To qualify as cultural property in terms of the CPTA (art. 2 para 1 CPTA), the object must:
- belong to one of the categories provided for under article 1 of the 1970 UNESCO Convention; and
- be meaningful property from a religious or secular point of view for archaeology, pre-history, literature, art or sciences.
The checklist assists in determining whether or not property is considered cultural property.
The International Council of Museums (ICOM) publishes so-called red lists of cultural property categories from various countries and regions, which are particularly affected by looting and illicit trade. The goal is to combat looting and illicit trade, to increase public awareness, to support affected circles and to promote international cooperation in maintaining and protecting cultural heritage.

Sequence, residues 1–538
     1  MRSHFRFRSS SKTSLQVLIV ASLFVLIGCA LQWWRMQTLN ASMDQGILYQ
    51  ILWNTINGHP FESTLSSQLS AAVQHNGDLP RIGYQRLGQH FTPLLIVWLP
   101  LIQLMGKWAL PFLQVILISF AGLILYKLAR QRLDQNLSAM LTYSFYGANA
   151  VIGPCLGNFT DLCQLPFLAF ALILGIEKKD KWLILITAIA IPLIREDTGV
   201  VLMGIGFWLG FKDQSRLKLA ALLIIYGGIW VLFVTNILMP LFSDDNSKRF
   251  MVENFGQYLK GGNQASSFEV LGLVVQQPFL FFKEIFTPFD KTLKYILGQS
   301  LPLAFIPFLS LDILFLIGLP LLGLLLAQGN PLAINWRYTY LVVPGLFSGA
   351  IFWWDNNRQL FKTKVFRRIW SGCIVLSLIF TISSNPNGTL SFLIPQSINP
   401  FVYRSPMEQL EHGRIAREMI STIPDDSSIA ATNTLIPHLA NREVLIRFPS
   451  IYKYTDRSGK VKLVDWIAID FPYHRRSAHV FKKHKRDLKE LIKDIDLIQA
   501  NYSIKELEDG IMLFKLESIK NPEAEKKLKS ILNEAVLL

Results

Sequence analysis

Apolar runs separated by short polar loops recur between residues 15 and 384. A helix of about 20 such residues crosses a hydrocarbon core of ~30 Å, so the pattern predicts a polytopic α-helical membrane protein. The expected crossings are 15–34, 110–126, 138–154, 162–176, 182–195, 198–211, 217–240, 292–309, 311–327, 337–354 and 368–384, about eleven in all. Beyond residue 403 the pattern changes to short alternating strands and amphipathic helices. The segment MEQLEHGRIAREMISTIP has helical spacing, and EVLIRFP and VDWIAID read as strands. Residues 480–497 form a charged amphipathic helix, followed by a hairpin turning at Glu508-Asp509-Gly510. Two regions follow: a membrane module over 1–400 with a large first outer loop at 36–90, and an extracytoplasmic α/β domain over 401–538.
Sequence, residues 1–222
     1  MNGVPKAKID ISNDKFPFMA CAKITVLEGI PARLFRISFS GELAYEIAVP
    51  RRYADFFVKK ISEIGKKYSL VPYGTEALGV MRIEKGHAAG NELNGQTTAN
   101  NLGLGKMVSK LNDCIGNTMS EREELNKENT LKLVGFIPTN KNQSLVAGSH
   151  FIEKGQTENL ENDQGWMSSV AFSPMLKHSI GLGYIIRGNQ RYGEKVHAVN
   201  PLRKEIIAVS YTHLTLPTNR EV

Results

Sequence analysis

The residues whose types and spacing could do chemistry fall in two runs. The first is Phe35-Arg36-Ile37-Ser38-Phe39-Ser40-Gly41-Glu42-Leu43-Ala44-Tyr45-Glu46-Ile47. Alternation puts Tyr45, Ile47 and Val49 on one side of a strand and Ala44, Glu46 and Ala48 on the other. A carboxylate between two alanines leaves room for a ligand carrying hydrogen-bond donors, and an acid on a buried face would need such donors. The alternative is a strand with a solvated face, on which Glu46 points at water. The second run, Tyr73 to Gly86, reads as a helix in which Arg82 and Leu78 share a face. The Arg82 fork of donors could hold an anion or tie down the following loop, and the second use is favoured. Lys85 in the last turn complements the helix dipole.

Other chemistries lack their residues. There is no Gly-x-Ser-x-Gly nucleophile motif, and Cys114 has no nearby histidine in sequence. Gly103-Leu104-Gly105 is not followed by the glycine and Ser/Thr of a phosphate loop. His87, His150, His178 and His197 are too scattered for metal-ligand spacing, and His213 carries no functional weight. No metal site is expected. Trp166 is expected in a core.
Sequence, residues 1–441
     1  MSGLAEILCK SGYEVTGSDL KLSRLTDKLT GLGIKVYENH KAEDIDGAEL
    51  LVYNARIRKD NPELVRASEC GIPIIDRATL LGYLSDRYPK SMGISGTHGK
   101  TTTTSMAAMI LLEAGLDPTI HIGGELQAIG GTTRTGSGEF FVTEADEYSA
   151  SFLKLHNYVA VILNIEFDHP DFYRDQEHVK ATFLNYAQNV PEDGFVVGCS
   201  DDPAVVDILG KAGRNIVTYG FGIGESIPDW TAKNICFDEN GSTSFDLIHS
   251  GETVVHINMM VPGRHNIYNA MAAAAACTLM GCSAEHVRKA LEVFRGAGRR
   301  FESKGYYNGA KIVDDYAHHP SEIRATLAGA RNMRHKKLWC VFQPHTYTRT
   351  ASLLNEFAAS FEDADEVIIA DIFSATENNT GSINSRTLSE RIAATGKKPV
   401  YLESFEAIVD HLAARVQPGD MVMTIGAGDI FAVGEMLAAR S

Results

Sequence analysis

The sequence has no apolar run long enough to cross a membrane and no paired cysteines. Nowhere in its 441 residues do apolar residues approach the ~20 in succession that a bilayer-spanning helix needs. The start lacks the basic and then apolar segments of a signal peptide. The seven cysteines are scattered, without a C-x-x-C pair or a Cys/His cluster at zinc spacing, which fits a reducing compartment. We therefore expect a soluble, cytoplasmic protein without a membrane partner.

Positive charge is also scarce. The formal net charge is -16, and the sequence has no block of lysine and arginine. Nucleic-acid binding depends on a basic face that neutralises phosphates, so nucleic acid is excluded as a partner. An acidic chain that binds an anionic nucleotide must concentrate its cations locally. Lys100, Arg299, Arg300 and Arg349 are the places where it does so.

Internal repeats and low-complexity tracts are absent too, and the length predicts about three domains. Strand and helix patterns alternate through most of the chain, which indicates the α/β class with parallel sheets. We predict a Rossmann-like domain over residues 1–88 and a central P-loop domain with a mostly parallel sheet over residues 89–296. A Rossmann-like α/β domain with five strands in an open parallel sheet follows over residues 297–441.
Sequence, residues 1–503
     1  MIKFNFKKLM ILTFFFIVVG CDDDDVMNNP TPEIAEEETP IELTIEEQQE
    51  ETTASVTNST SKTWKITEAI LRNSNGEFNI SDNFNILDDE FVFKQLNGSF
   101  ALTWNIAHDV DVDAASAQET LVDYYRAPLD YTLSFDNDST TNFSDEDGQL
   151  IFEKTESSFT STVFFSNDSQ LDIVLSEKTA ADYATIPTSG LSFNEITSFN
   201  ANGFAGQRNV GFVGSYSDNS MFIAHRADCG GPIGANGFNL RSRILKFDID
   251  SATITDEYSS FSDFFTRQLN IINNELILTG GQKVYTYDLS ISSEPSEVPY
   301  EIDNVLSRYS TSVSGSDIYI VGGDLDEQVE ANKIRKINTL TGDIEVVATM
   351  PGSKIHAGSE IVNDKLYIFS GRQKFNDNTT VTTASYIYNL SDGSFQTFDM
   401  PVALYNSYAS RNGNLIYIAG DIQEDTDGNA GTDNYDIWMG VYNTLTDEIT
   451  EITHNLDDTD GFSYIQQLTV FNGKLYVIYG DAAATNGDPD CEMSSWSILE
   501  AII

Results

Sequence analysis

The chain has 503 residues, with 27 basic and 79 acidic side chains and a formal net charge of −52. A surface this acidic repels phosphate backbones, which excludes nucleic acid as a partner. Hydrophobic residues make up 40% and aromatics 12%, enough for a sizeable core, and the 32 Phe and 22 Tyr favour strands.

The Federal Council has concluded bilateral agreements with states that have ratified the 1970 UNESCO Convention, on the import and repatriation of cultural property of significant importance to the cultural heritage of the respective party in question to protect cultural and foreign policy interests and to secure cultural heritage.
A return guarantee was introduced as part of the CPTA to promote the exchange of cultural property among museums (international loans). The return guarantee protects on request the cultural property against third-party claims and corresponding trials (Key words: “safe conduct” or immunity).